The Investment Coordinating Board, or BKPM, is counting on its one-stop integrated service centers and tax allowance to attract more investment from Southeast Asian countries in order to reduce a risk of Indonesia becoming merely a market amid freer movement of goods, capital and labor in the region.
Having launched in March, the one stop service, or PTSP, allows investors to secure business permits from 23 ministries and government institutions in just one place, reducing red tape and saving investors time, while improving transparency.
Prospective investors will also be able to apply for tax cut eligibility at PTSP and to learn of the outcome within three days.
The government plans to implement the tax application procedure in May, a delay of a month from its initial plan.
Franky Sibarani, the BKPM chief, said the initiatives should help attract investment from Association of Southeast Asian Nations (Asean) member countries, which account for about a third of total foreign direct investment.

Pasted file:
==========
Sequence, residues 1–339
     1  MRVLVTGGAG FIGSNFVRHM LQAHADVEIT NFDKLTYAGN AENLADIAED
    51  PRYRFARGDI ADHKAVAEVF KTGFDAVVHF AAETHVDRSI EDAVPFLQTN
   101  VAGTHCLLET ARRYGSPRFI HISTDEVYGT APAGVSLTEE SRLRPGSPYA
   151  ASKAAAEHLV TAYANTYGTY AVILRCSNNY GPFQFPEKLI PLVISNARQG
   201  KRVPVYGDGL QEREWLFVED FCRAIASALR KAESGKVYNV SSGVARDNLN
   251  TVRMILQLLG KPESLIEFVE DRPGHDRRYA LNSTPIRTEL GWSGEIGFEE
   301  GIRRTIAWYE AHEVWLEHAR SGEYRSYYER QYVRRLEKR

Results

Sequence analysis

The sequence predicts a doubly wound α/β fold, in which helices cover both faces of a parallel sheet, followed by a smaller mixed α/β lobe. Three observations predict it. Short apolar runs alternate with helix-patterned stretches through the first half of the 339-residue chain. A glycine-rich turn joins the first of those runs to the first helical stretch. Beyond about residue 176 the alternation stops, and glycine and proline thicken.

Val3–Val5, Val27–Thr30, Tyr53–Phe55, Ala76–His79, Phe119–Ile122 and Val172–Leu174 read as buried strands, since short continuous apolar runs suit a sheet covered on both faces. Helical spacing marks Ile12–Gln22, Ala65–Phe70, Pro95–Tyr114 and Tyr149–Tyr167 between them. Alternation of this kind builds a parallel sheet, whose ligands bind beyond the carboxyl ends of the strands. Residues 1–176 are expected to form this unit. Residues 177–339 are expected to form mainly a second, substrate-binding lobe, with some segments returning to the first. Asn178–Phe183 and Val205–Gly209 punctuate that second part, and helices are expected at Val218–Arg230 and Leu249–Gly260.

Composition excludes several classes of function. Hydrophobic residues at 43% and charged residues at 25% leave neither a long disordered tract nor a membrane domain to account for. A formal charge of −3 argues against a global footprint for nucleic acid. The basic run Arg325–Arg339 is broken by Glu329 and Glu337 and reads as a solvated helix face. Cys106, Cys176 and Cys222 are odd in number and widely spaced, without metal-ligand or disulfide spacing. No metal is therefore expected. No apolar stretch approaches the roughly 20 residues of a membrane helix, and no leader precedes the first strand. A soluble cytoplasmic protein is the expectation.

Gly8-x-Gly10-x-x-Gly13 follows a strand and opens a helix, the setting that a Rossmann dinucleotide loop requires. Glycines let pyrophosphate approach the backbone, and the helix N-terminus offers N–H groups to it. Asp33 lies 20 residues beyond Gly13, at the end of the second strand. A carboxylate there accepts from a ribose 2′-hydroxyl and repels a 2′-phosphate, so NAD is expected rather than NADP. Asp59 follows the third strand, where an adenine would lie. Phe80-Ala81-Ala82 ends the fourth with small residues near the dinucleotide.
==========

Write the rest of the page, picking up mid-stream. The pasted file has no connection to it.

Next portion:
But, investors will have the option to set up business elsewhere in the region as Asean Economic Community will start at the end of this year, opening up regulation barriers allowing more trade and investment across Southeast Asia, Franky said.
“One of the critical points in the implementation of AEC is the concern that Indonesia will only be a big market for Asean products because Indonesia accounts for 40 percent of Asean population,” said Franky.
Investment from Asean countries grew to $7.9 billion in 2014, up 44 percent from $5.5 billion in 2013, BKPM data showed. The investment was $5.46 billion in 2012.
“Even so, we can still boost the potential due to relatively small investment ratio,” said Franky, referring to a ratio which reflects percentage of realized investment over the committed amount.
Singapore realized 54 percent of its $63 billion investment plan from 2005 to 2014 in Indonesia. During the period Malaysia only invested 28 percent of its $16 billion investment plan.